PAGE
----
On Football, Hard-Boiled Detective Fiction, and Freedom
Before Andre Hardy was a writer he was an athlete, and a damn good one at that. He was strong, fast, coordinated, powerful—the kind of talent you don’t deny. Choosing to embrace his talents, Andre trained hard, worked hard, and believed in himself—hard. He developed quickly. He started playing football his junior year of high school, the odd-shaped ball still awkward in his hands, but in just two years he was holding the ball firmly, the two running their way to a football scholarship at St. Mary’s, a Division II school. Three years later, Andre was the 116th pick in the NFL Draft by the Philadelphia Eagles.
“If you’re serious about it, which I was, the athletic journey requires everything you’ve got, to the point you don’t have time for anything other than: eat, drink, train,” Andre says. “I have that compulsive gene where I am always trying to figure out ways to get better and I just let it take over.”
But after just three years in the NFL, Andre broke his foot and never fully recovered. The end of his athletic career was jarring, leaving Andre reeling to find a new sense of purpose. And so, Andre, always a reader, turned to the written word, trading in playbooks for piles of detective fiction and self-help books. He took off his helmet to get better acquainted with what was inside his head, trading in the football for a pen.
His journey began with several screenplays written off as “too literary,” and then stumbled along with six years worth of stubborn draft manuscripts wrung to death in writing classes. Finally, and with financial support from The NFL Players Trust and The NFL Player Care Foundation, Andre signed up to get his MFA in Creative Writing at Antioch University, focusing on hard-boiled detective stories. Although his athletic career was a distant memory, his body was still full of the aches and pains that, although insufferable, paved the way for his life as a writer of his beloved hard-boiled detective fiction.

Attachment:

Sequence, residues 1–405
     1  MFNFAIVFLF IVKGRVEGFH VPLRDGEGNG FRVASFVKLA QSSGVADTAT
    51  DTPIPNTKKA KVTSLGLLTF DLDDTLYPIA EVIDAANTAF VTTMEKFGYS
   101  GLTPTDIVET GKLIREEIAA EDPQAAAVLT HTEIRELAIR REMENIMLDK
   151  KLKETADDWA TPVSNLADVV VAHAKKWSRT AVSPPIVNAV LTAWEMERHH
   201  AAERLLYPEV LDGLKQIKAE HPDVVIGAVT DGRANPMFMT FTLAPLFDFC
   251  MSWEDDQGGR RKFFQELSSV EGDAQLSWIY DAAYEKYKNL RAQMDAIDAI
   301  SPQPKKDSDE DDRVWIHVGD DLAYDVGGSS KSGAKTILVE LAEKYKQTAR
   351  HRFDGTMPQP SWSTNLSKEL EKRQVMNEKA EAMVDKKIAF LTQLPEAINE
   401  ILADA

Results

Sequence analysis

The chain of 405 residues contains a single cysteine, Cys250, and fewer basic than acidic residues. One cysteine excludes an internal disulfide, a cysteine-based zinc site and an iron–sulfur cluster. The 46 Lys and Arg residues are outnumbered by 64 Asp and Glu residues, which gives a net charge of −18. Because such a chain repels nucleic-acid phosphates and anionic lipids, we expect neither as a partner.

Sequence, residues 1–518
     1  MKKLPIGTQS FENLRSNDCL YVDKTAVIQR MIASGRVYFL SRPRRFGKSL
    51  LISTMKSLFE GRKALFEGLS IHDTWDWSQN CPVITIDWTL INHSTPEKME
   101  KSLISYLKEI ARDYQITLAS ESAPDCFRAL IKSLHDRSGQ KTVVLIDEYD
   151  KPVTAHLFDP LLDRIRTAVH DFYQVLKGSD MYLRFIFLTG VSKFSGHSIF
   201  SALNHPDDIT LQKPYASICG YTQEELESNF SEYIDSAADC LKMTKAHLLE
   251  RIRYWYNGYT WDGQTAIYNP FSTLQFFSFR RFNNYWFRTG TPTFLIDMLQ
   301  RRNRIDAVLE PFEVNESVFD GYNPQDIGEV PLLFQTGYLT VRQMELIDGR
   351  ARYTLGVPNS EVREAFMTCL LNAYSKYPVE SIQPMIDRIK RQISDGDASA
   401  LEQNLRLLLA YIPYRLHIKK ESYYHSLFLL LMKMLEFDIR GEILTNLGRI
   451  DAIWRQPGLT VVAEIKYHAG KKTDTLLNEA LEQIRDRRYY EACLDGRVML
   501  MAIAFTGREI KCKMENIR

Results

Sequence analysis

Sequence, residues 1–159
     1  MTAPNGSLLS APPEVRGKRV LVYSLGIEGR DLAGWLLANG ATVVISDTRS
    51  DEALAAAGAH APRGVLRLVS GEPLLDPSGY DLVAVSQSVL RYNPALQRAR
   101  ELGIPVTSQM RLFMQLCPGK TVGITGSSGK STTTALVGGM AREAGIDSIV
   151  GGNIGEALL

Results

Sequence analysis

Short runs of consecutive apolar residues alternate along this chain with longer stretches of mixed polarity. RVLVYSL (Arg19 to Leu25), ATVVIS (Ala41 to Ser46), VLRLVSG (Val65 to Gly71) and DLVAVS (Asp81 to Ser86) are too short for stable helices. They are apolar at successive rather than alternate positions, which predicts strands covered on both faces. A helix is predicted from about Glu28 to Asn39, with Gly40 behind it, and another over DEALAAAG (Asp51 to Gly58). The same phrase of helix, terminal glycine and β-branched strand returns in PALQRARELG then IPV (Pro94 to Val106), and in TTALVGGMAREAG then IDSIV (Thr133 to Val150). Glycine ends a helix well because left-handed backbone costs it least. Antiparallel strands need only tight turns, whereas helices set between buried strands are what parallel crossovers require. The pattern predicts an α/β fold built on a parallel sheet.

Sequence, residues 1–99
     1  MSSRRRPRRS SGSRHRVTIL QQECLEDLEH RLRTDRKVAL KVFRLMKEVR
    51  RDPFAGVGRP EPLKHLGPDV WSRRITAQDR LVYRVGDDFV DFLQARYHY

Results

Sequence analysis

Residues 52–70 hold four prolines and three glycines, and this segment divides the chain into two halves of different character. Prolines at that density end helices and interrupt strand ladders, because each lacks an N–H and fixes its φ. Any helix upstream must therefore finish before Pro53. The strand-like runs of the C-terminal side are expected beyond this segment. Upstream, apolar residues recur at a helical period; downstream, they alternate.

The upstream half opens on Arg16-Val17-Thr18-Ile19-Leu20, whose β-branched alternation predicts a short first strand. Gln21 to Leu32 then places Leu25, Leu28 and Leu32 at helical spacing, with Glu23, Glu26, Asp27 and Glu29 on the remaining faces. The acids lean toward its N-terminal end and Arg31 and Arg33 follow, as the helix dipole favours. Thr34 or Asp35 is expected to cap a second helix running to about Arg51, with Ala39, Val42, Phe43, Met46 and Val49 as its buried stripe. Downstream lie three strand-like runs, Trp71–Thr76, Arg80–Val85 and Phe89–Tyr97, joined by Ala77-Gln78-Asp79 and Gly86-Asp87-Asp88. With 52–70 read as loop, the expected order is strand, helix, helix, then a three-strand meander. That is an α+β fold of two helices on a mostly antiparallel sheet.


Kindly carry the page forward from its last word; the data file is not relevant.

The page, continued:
The open-endedness of Antioch allowed Andre to dedicate himself fully to everything hard-boiled. In just two years, he became a scholar who, like a mad genius, departs on expert tangents about the language cannon of pulp fiction or the innovation in the literary craft of Dashiell Hammett.
Taking cues from Hammett’s revolutionary ways, Andre aspires to likewise innovate the conventions of the form in his first book, Allegory of a Cage. He keeps some crucial traditions, like describing characters by their cigarette of choice and lighting scenes with sodium street lamps. But in telling this story Andre feels he has to write, he breaks with the genre’s rules in specific and important ways.
For one, his lead character, Coltrane, is not poor, as are most detectives of the page. For another, Coltrane wasn’t trained to be a fixer by the military or police, like most detectives of lore. Rather he was prepared and toughened by the streets. But the biggest divergence is found in point of view.
“The biggest break from convention is the story being told through a black character, one who recognizes whiteness,” Andre says. “He sees it and he gets it and he comments on it throughout the story.
Coltrane offers “an astute observation about the African American experience that aspires to actually cross the line and enter into that world, by which I mean the white world. Our goal is assimilation—to have brand names and to move out of the hood and into ‘that’ world. But what Coltrane is figuring out is that that’s not really it… there’s gotta be something else.”
Which is to say that writing Allegory of a Cage was as much a literary expedition as it was a personal one for Andre, the making of the book hovering somewhere in between his life and that of the fictional Coltrane’s. Andre’s not shy about imbuing his character with his own experiences and insights, explaining that Coltrane’s suspicions of the white world are vital for the author too, who often feels unseen—an invisibility which is its own kind of cage.
But, in recognizing that he was not as free as he thought he was, Andre, alongside his characters, finds the opportunity to consider ‘freedom’ head on. In asking “what would freedom be,” he and Coltrane are finding it together, one step at a time.